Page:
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Passenger demands reparations for seat

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DXing 16 Oct 22, 10:00Post
Well first off, here's another word that is under attack and threatening redefinition. It should read, the passenger demands a refund not a reparation. Two totally different things, but in this day and age I get the writer is trying to make a splash.

Aside from that obvious error, I think the passenger has a real point. How is it fair that she is squished between two abnormally large passengers who take up parts of her paid for seat? I've been in her position several times. As a non-rever you get what's left and many times it is the middle seat towards the back between two behemoths. I once actually turned around, exited the aircraft and told the gate agent if that was the last seat available then I'd roll over to the next flight, which I ended up doing.

So I get her complaint and request. I really think AA should have had a better response lined up. Her complaint can't be the first of its kind. With flying the way it is now though, short sightedness says yeah, if you don't like it we have 5 people behind you waiting to take that seat, but it won't last forever so they should have taken the long view and offered some sort of compensation IMO. Thoughts?

Defiant American Airlines passenger demands REPARATIONS after complaining about being squeezed in between two obese passengers for three hour flight
What's the point of an open door policy if inside the open door sits a closed mind?
paul mcallister 17 Oct 22, 15:23Post
Well first off, the story is from the Daily Mail, not known for their journalistic endeavours and often they just scour the web to poach stories and run them without any checks.
They are known as the Daily Fail in the UK-google some of their articles about the Red Arrows, especially the one`s regarding the tragic loss of Jon Egging.

The passenger has a good point, not just the fault of the overweight passengers, it`s the fault of the airlines for having such tiny seats, and minimal legroom. Nobody wants to sit cheek to cheek with their fellow passengers.
The tiny toilet cubicles on board many aircraft don`t help either.
More and more people are overweight now, and the airlines need to recognise this and give people some space.

DVT seems to be largely forgotten now, people need space, so the airlines need to address this, instead of cramming as many folks in as possible.
ANCFlyer (netAirspace ATC & Founding Member) 19 Oct 22, 12:16Post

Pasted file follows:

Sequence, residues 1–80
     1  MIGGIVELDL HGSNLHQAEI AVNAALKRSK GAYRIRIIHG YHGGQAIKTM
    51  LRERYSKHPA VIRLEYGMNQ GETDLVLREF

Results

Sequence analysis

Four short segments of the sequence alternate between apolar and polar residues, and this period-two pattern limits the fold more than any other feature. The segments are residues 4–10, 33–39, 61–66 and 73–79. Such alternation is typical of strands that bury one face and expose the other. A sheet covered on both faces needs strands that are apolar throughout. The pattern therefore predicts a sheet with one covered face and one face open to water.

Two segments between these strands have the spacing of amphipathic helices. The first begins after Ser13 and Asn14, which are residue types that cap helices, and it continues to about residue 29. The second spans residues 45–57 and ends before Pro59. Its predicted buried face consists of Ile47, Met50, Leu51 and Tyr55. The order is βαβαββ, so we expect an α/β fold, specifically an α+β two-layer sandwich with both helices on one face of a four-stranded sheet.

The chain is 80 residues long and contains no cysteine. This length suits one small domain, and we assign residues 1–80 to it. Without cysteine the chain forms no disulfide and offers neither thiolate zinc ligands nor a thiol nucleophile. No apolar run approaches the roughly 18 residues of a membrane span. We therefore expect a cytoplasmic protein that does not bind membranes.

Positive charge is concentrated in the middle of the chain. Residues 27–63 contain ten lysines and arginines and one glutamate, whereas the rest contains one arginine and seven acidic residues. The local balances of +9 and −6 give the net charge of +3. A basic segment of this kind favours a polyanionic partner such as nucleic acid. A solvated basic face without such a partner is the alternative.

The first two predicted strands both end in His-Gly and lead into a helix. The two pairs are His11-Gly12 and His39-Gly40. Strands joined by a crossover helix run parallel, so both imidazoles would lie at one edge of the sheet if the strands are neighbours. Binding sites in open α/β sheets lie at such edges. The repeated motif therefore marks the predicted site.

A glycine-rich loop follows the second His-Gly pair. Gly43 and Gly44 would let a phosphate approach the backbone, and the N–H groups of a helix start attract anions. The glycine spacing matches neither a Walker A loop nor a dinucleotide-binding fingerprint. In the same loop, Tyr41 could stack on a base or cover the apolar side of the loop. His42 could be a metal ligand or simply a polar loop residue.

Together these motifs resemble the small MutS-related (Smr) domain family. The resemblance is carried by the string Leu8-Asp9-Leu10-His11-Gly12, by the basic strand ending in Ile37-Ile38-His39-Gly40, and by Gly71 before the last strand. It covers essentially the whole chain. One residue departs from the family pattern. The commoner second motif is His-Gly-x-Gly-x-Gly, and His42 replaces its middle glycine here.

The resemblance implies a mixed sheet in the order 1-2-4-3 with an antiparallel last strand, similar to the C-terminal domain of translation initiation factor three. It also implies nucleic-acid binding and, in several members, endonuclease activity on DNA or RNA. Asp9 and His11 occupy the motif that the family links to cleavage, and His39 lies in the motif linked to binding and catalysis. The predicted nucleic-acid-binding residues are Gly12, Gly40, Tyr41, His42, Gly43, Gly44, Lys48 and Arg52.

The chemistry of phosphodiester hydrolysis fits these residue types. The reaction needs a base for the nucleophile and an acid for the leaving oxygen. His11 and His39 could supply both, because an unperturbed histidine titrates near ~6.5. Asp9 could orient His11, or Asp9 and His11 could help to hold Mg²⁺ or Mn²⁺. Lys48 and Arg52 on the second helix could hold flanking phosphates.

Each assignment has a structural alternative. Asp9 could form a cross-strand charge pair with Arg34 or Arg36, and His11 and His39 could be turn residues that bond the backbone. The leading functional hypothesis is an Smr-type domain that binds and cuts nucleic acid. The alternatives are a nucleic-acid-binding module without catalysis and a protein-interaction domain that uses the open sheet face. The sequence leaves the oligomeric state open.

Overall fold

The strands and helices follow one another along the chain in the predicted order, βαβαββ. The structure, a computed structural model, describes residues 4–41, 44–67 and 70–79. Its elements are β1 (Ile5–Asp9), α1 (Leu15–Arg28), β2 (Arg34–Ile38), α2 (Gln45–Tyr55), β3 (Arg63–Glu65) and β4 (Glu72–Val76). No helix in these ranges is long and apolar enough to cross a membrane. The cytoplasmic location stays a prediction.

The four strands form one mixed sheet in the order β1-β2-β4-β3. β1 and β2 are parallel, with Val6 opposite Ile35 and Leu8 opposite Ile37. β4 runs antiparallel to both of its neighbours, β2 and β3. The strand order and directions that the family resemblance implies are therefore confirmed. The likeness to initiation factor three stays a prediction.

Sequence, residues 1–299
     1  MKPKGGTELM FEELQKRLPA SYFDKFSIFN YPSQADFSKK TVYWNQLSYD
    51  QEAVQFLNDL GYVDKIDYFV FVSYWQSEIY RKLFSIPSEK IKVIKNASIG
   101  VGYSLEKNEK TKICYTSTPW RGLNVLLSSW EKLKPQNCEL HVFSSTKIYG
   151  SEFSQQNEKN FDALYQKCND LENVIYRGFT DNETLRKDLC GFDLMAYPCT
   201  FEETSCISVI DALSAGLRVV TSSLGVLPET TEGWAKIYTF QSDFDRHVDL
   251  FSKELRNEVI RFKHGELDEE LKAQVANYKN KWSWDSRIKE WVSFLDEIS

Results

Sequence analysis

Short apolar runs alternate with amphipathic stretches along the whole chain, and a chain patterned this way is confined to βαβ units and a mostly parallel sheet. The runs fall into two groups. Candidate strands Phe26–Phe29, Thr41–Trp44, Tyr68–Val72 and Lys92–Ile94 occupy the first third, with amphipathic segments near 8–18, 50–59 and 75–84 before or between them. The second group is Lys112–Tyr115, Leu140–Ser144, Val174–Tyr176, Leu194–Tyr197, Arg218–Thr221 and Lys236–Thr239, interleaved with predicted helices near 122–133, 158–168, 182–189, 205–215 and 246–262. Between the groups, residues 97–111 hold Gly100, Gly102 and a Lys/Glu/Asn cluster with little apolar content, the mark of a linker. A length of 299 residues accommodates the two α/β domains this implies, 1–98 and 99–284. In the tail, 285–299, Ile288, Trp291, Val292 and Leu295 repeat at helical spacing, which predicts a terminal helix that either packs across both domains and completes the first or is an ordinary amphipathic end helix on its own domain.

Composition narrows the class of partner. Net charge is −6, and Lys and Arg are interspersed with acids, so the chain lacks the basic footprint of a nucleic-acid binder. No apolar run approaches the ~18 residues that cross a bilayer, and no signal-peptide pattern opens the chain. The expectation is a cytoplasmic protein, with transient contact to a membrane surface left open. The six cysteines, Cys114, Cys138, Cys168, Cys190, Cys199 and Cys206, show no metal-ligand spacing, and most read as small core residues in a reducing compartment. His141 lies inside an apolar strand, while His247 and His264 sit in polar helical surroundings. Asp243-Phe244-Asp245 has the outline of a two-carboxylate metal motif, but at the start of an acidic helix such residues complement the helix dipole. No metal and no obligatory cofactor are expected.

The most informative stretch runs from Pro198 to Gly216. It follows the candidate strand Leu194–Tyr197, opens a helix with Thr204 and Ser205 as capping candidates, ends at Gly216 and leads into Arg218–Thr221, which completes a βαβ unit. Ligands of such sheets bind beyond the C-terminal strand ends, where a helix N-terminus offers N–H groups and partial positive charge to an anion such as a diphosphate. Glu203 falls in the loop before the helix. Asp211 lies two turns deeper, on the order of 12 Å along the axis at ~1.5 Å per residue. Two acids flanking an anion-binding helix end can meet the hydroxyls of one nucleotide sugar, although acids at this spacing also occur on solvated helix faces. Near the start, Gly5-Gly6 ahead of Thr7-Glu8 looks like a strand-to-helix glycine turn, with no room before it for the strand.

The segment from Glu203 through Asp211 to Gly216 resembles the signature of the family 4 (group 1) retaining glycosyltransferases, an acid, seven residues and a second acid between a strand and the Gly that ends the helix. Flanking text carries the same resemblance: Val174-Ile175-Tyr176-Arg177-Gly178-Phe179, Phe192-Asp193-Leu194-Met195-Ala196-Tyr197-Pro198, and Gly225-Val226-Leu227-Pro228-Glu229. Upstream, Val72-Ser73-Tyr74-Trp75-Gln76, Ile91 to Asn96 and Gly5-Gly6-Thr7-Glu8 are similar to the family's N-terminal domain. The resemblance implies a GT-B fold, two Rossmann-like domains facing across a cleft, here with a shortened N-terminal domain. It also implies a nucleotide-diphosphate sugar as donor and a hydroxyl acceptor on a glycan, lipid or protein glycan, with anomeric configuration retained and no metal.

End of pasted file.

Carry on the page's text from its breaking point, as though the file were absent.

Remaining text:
Seats are too small, seat pitch is ridiculously small.

AA's F pitch on a new 738 and their new 321s assinine for an F seat. I haven't bought in a Y seat since Eastern Airlines took me from ORD-BHM in the way back days.

Now, that said, do what MrsANC and I do. . . . buy an F seat and quit yer bitchin. {drillsergeant}
captoveur 20 Oct 22, 15:24Post
I caught the "passenger's" youtube video on the subject.

She isn't asking the airline for jack squat. She is asking for common sense to be applied given that airlines do have policies about buying 2 seats if you're huge.
I like my coffee how I like my women: Black, bitter, and preferably fair trade.
ShanwickOceanic (netAirspace FAA) 20 Oct 22, 16:53Post
If they can make you prove your carry-on will fit in a gauge at the gate, maybe it's time you had to prove your ass will fit in one.

Too embarrassing? Then buy a second seat.
My friend and I applied for airline jobs in Australia, but they didn't Qantas.
PA110 (Founding Member) 20 Oct 22, 19:33Post
Seat sizes have not changed much, although pitch has been greatly reduced since the days of deregulation. What's changed is the size of our bodies. It simply isn't possible to make the seats wider. Enforcing a 2-seat purchase is the only solution. The problem is that enforcement has to come prior to folks showing up at the airport, at which point it may not be possible to find 2 available adjacent seats.

I recall several stories about "customers of size" who purchased two seats only to find that when they arrived at the airport, the seats were not adjacent. One of the problems is that airlines realize incremental revenue by charging a premium (some for just any random seat, others for virtually every aisle and window seat (*cough*, *cough* AMERICAN *cough* *cough*). With today's web-based product differentiation, an extra seat purchase should come with a guarantee of the 2 seats being adjacent to one another.

That said, airlines still need to find a way to compel extra seat purchases prior to folks showing up at the airport.
Last edited by PA110 on 20 Oct 22, 19:44, edited 4 times in total.
Look, it's been swell, but the swelling's gone down.
ShanwickOceanic (netAirspace FAA) 20 Oct 22, 19:37Post
They can typically manage it for a cello, though?
My friend and I applied for airline jobs in Australia, but they didn't Qantas.
mhodgson (ATC & Photo Quality Screener & Founding Member) 21 Oct 22, 10:39Post
ShanwickOceanic wrote:Too embarrassing? Then buy a second seat.

Ryanair: Your seats are 12A and 23E
There's the right way, the wrong way and the railway.
miamiair (netAirspace FAA) 21 Oct 22, 11:10Post
My fat ass buys the bigger seat.
And let's get one thing straight. There's a big difference between a pilot and an aviator. One is a technician; the other is an artist in love with flight. — E. B. Jeppesen
ShanwickOceanic (netAirspace FAA) 21 Oct 22, 12:13Post
mhodgson wrote:Ryanair: Your seats are 12A and 23E

We're gonna need a bigger butt.
My friend and I applied for airline jobs in Australia, but they didn't Qantas.

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